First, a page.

Though many analytics practitioners are little aware of its importance, stochastic simulation has increasingly become a critical tool in the modern statistical toolchest. Perhaps you know of SS techniques as Monte Carlo simulation instead. While there are subtle differences between the two, the terms are often used interchangeably.

The words stochastic and simulation together are needed to describe this method of problem-solving. Simulation denotes a "representation of the operation or features of one process or system through the use of another.” A simulation is thus a model used to produce outputs that in turn facilitates learning about a process of interest.

Stochastic denotes “involving chance or probability,” or “involving a random variable,” and introduces the notions of probability, chance and experimentation to the simulation. Indeed stochastic simulations are experiments driven by randomly-generated inputs to specified probability distributions. Run a stochastic simulation twice and you'll get two different, though hopefully similar, results. That imprecision alone is anathema to many mathematical purists. Those who engage in stochastic simulation must be willing to accept these “approximate analytics.”

Now much more than a novelty, stochastic simulation is central to the practice of statistics and mathematical optimization. The intractable mathematics that in the past hindered deployment of promising methods can now many times be finessed by powerful SS computational techniques. And the SS methods are, of course, fundamentally enabled by modern computers and statistical software.

Most stochastic simulation methods involve a sequence of steps that lead to the estimated results. First is the articulation of the input domain. Second is the generation of inputs drawn randomly from a specified probability distribution over that domain. Third is the computation of an output from the selected inputs. And finally, the process is repeated many times, with outputs aggregated.

The archetype stochastic simulation estimates “pi” using a little geometry and a lot of computer power. Consider a circle inscribed within a square. If the radius of the circle is r, then it's area is pi*r**2. The area of the enclosing square is 2r*2r = 4r**2, and the ratio of the areas of the circle to the square is thus pi/4. If we randomly and uniformly generate points within the square, the proportion of points that also falls within the circle multiplied by 4 should approximate pi. Using R on my notebook, a simulation of 10M such points estimates pi at 3.1412. Contrast that with the 4-digit constant value of 3.1416.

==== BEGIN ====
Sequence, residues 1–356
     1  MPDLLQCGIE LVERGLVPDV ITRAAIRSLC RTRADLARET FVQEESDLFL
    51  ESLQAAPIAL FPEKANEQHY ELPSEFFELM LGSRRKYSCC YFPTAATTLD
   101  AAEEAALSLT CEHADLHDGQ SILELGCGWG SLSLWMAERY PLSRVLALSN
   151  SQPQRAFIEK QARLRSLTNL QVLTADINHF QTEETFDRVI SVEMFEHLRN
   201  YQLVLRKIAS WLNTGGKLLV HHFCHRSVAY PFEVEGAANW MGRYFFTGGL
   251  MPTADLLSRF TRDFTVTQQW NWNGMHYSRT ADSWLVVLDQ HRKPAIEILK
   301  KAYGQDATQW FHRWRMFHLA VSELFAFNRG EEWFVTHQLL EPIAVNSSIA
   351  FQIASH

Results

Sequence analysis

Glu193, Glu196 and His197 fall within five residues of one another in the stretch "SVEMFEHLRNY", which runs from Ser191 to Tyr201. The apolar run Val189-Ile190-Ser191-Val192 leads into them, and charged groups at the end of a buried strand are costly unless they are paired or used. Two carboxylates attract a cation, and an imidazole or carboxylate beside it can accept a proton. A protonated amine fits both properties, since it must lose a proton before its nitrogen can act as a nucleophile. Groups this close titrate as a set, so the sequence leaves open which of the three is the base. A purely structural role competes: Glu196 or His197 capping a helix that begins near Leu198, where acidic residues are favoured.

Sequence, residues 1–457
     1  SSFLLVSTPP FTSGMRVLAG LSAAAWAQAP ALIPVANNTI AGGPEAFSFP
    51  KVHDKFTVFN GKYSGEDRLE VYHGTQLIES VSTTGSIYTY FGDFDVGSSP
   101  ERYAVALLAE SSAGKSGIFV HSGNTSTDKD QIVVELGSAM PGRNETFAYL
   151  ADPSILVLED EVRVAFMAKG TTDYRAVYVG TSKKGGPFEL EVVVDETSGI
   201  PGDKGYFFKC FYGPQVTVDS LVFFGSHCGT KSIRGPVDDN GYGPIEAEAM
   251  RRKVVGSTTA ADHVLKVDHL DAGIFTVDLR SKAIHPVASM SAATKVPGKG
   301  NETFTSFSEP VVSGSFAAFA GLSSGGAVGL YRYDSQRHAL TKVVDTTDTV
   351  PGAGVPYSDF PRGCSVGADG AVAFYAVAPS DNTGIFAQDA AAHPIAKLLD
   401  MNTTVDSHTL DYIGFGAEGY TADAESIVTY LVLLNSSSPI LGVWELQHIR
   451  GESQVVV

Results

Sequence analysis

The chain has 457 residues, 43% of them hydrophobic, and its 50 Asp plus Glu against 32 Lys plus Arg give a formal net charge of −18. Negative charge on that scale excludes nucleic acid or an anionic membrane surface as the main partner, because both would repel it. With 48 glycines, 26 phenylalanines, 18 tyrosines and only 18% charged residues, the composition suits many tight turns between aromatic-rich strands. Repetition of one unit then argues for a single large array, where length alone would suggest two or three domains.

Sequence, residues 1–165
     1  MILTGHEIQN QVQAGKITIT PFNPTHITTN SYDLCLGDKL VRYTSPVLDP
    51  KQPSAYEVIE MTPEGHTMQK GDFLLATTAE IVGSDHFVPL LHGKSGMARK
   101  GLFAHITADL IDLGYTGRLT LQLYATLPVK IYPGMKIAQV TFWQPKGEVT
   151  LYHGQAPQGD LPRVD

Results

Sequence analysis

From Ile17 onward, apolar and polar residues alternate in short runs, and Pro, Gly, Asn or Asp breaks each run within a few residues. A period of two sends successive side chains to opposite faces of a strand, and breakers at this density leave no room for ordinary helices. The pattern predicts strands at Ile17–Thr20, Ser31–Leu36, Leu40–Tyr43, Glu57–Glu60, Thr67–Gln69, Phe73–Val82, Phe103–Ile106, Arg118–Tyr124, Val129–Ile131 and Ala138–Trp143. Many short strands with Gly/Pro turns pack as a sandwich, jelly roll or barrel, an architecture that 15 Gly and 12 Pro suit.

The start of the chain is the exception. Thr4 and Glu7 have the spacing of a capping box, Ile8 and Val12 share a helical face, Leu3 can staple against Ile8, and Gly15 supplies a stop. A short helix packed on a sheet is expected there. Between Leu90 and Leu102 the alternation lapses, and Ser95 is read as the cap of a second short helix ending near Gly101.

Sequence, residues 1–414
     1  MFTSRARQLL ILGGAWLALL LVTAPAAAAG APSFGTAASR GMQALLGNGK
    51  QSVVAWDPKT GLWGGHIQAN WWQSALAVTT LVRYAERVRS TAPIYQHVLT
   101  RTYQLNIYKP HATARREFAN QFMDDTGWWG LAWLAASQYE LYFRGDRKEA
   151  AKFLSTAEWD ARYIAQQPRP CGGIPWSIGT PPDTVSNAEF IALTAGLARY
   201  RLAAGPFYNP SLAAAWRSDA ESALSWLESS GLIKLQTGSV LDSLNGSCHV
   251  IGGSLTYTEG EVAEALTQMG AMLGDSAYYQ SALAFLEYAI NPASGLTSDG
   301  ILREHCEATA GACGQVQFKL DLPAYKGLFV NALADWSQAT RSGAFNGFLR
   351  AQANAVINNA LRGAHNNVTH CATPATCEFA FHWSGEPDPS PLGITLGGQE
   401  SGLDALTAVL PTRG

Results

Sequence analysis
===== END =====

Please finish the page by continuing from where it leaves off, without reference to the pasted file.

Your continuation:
The Reverend Thomas Bayes is generally credited with originating the important theorem in statistics that bears his name. Mathematically, Bayes’ law shows that by updating initial beliefs with new objective information, revised and improved beliefs emerge. Though long controversial, Bayesian methods are now generally accepted in the statistical world, much to the benefit of business learning.

Less known about Bayes was his promotion of an early, computer-less version of stochastic simulation to test his theorem. He first imagined a level square table where a thrown ball would have an equal chance of settling on any spot. An associate then would toss a ball on the table, which Bayes wouldn't see because his back was turned. A second ball would then be thrown by the associate, who reports only whether the new ball landed to the right or left of the original.

After the colleague has made many such throws, noting for each where it lands with respect to the first, “Bayes could narrow the range of places where the cue ball was apt to be.” Each toss of a new ball restricts the conjecture of where the original ball rests to “a more limited area … Bayes' genius was to take the idea of narrowing down the range of the positions for the cue (original) ball and – based on this meager information – infer that it had landed somewhere between two bounds. … Bayes would never know where the cue ball landed, but he could tell with increasing confidence that it was most probably within a particular range.”

With this exercise, Bayes conceptually completed a stochastic simulation 300 years before the methodology was popularized. He had carefully articulated an input domain. He had randomly drawn inputs from a uniform distribution. He had computed the output. And he had repeated the process many times.

Next week we'll look at several of the SS techniques currently popular in statistical science, arguing that these methods can help BI practitioners understand difficult concepts.

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